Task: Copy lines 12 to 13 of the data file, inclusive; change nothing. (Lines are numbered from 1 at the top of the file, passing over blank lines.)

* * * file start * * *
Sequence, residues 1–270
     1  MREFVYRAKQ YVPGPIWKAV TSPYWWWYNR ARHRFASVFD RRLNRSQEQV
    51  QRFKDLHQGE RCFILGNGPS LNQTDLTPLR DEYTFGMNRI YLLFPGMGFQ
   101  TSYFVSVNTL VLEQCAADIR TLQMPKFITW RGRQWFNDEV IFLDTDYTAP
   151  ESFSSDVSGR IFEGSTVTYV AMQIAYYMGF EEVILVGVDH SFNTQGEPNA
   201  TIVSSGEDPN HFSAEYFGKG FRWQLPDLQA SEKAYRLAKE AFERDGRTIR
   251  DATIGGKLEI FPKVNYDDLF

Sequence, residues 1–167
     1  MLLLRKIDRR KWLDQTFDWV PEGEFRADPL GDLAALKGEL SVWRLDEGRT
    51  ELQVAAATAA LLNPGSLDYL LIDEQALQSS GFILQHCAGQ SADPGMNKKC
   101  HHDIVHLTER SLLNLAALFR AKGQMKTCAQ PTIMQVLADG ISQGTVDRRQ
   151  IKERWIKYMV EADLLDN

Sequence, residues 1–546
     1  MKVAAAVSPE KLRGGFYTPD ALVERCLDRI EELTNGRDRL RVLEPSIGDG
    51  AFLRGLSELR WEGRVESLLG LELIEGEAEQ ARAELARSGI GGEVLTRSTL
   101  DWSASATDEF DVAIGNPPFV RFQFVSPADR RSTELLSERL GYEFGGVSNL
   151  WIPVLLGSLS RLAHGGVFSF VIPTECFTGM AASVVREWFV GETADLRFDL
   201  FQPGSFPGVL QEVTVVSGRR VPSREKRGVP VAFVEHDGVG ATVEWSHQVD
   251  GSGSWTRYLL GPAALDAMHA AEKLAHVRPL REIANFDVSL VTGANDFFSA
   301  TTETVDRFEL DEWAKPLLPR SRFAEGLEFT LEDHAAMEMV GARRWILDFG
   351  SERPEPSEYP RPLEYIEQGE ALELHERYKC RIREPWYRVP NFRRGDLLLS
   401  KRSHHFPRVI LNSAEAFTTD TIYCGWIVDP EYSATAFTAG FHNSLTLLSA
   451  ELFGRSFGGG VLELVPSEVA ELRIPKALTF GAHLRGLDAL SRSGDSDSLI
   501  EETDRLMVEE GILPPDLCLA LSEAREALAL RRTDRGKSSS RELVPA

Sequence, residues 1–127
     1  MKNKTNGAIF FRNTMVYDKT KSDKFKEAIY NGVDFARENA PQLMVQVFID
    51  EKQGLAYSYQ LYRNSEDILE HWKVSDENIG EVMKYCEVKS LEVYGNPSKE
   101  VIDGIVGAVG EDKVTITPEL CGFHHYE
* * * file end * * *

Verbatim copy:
   151  IKERWIKYMV EADLLDN

Sequence, residues 1–546